climate change film

The Ants and the Grasshopper trailer

One of the most important messages in my book is to listen to the people most affected by climate change, especially voices from Africa. African voices have been sidelined in the climate change conversation, despite the continent being the hardest hit by the crisis.

Vanessa Nakate’s new book, due out later this year, is one way to listen. It’s called A Bigger Picture and it’s excellent, and you should definitely pre-order it right now.

Here’s another project I’ve got my eye on. The Ants and the Grasshopper tells the story of Anita Chitaya, an activist from Malawi who travels to the US to meet farmers and tell them about climate change. It’s directed by Zak Piper and Raj Patel, the latter best known best known as the author of Stuffed and Starved or A History of the World in Seven Cheap Things. Here’s the trailer:

I haven’t seen it yet, but aside from a very promising trailer, I like what the directors say about how the film came to be. They began filming ten years ago, documenting climate change in Malawi. Chitaya more or less took over the film after suggesting that she go to America to tell people about it herself. This embodies the kind of change we need to see, where the Western media step aside and let African voices speak for themselves.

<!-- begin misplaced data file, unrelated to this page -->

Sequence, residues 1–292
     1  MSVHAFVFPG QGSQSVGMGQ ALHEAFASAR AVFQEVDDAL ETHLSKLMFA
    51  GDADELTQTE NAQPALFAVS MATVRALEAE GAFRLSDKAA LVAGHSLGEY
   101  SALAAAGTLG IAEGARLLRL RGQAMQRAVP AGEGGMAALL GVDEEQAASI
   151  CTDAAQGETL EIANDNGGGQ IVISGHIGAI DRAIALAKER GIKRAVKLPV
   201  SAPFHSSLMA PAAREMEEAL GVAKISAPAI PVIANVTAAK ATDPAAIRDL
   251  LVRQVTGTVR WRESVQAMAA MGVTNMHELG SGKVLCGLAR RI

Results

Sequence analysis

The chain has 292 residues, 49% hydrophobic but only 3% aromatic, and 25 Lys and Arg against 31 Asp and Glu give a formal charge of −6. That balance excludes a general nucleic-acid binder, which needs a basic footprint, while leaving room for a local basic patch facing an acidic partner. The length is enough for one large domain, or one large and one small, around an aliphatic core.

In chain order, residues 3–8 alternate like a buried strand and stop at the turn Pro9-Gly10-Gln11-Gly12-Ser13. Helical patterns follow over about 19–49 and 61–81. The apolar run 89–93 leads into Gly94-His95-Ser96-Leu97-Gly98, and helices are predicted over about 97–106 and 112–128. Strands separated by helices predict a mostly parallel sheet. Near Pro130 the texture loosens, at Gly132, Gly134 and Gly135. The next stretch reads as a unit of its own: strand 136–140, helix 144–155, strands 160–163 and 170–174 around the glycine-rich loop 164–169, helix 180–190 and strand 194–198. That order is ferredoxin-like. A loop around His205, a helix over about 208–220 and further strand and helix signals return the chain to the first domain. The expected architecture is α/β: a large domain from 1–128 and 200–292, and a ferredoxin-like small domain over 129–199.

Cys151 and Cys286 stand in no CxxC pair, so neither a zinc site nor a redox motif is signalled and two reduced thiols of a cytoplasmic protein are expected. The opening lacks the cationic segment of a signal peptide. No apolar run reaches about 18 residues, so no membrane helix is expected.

“We experienced what it was like to cede the power to shape narrative, beginning from a position of assuming that the standard ways of doing things is always right” the directors say on the website. “Our reflection, on patriarchy, privilege and power, is one that is raw, but a vital part of the transition away from a colonial world, to a decolonised one. We remain grateful that our experience in working with Anita and the SFHC community helped show us a path to decolonising film making, and point to the way we’ll all have to confront our culpability for a world undergoing catastrophic climate change.”

The Ants and the Grasshopper is out later this year, and I’ll write more about it then. (In the meantime, and also from Malawi, you’ve seen The Boy Who Harnessed the Wind, right?)

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